Advantages of after hours trading
After market trading has several advantages. Investors can use AHT to respond promptly to news stories that break outside standard trading hours, without having to wait for exchanges to re-open. Lots of important business developments – earnings releases, for example – are published when markets are closed. Economic data is also often released outside normal trading hours, and of course political events that will impact on the markets can take place 24/7. So AHT allows investors to trade on new information immediately.
Opportunistic trading outside standard trading hours can potentially bring big profits for those who follow the news closely and take advantage of price fluctuations after hours. Of course, there’s also the potential to make big losses if a trade goes wrong. But ultimately, after hours trading is just very convenient for people who simply don't have the time to trade during the day.
Risks of after hours trading
After market trading does have some drawbacks, including a lack of liquidity compared to normal day trading. You will probably see fewer trades and traders around out of hours, and solid or realistic pricing can be harder to find. Moreover, volatility tends to be higher in the AHT market, with sharper price fluctuations than you’ll normally encounter during standard trading hours.
Among other hurdles, you should recognise that individual investors can face some tough competition in after hours trading, as they’re up against big institutional investors with massive resources and more information at their disposal. Another issue is that some brokers only allow investors to see quotes from their own trading system, and not from other ECNs. And of course, there’s the risk that computer delays could affect the execution of your trades.
A couple more terms are worth noting – firstly overnight trading. This tends to be used in conjunction with the buying and selling of currencies between 9p.m. and 8a.m. An overnight trading transaction is when an investor takes a buy or sell position at the end of the trading day in another market that’ll be open while his or her own is closed. Overnight trading is considered to be very risky because events could happen that affect the trader’s position before the market opens.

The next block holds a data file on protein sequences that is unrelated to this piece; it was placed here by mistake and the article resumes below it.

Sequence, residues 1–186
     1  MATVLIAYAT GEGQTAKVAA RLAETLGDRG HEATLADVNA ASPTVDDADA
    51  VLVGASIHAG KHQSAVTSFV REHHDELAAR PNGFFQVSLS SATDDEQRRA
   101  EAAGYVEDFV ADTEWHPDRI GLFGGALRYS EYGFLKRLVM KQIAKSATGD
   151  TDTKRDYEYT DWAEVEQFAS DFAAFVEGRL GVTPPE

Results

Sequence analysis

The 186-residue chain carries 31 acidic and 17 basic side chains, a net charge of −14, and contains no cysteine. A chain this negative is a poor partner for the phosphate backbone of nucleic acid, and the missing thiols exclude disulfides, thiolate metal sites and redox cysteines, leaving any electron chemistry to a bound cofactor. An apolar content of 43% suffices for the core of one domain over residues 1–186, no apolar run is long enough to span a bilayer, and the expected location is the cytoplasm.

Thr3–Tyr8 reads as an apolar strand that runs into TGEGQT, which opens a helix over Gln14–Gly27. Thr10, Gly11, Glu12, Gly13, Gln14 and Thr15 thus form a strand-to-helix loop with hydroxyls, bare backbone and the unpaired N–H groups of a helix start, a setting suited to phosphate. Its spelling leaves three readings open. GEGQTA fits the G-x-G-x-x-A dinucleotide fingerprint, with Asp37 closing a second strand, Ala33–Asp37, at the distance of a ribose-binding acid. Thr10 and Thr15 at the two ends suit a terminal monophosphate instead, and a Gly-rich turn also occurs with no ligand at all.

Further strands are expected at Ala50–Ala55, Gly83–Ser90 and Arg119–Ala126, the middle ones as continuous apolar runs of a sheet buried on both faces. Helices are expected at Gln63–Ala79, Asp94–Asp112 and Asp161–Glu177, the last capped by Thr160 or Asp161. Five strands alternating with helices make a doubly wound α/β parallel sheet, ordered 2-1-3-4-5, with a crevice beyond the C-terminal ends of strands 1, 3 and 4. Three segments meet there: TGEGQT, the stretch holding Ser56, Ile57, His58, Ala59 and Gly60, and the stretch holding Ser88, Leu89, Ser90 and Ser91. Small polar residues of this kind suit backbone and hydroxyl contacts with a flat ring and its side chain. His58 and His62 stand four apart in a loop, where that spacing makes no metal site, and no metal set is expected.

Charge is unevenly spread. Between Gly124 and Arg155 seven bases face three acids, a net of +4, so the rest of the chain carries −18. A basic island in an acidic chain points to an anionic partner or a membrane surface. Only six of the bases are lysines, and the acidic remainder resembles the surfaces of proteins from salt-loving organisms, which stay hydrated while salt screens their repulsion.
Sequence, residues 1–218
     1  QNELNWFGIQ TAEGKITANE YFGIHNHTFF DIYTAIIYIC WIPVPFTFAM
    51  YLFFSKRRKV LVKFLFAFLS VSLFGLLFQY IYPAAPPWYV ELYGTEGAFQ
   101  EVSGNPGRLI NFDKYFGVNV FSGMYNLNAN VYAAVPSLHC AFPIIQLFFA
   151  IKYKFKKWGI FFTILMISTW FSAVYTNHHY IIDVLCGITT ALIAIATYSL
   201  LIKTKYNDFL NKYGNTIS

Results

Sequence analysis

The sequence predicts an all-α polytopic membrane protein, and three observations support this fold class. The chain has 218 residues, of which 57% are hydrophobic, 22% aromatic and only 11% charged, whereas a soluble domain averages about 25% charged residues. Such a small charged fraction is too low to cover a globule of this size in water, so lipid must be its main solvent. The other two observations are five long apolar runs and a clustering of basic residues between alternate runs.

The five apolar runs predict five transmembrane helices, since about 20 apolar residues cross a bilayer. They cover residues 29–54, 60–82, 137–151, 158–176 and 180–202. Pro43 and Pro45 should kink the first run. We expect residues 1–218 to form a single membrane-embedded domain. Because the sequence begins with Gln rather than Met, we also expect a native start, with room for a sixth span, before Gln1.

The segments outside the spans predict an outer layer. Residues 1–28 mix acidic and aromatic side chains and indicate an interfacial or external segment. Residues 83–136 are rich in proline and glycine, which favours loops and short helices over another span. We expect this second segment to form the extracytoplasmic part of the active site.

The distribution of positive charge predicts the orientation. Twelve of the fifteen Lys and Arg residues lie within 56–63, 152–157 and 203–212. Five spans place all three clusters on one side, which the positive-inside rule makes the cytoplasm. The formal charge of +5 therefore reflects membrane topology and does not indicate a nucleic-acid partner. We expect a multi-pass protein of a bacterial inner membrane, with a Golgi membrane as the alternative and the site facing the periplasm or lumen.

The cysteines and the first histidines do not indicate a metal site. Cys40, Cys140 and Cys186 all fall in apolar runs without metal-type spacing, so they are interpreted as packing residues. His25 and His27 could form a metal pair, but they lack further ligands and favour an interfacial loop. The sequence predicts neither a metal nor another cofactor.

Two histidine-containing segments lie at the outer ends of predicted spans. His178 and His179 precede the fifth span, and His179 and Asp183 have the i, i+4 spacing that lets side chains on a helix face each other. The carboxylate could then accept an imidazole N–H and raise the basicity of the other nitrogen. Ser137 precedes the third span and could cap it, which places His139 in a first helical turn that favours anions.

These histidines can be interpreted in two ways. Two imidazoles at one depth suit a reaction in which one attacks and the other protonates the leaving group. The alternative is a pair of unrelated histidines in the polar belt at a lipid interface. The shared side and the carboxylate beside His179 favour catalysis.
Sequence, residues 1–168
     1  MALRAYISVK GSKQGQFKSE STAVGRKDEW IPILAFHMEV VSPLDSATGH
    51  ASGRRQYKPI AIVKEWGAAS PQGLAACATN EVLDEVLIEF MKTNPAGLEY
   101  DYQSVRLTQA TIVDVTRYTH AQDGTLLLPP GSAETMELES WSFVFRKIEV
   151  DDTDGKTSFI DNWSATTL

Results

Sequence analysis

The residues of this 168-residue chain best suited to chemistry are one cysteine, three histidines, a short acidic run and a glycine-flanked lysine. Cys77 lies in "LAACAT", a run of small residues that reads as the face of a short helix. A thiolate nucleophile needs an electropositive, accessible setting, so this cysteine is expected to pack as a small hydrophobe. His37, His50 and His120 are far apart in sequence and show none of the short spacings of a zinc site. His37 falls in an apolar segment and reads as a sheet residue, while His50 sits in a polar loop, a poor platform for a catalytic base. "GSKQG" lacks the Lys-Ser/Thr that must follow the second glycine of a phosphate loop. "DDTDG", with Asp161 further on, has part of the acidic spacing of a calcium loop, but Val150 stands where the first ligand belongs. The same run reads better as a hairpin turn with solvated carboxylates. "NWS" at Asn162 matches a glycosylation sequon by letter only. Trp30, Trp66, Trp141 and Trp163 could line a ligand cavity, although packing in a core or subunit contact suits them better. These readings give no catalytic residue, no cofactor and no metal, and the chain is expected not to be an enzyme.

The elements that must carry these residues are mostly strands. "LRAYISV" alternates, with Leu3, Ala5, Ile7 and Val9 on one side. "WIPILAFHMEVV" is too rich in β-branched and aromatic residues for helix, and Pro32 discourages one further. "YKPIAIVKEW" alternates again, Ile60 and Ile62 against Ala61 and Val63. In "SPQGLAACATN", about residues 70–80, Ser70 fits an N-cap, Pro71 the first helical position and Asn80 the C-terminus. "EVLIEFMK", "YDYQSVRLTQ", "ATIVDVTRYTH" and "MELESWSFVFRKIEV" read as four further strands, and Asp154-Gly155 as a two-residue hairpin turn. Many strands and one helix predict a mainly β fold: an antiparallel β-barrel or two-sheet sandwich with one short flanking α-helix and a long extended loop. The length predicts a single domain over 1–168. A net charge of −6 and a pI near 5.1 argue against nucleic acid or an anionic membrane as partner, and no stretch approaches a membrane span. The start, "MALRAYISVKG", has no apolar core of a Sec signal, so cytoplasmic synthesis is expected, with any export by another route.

And what is late-day trading?
Finally, you might also have heard of late-day trading. Although it sounds very similar to after-hours trading, it’s actually something completely different and refers to a misconduct issue in the mutual fund industry.
Late-day trading is the illegal practice of fund managers accepting buy or sell orders after a mutual fund has calculated its net asset value (NAV) – usually at close of trading – and allowing the investor to pay the price based on the previous NAV. The practice has been likened to betting on a horse race after the race is over.
Late trading breaches US federal securities laws governing the price at which mutual fund shares are bought or redeemed, and it defrauds other investors in mutual funds by giving late traders an advantage that other investors don’t have. It is therefore considered to be highly unethical.
With after hours stock trading, on the other hand, classic market forces such as supply and demand determine changes in the prices of securities, so there’s no ethical issue at all.
Find out more about after-hours trading…
If you’d like to explore the subject of after-hours trading further, why not take a look at some other related terms in our comprehensive online glossary? We’ve got in-depth definitions for trade, trader, securities and closing price, for example.
FINRA, the US Financial Industry Regulatory Authority, has an introductory guide to after hours trading on its website, listing a few issues to bear in mind if an investor is considering pursuing pre-market or after-hours trades.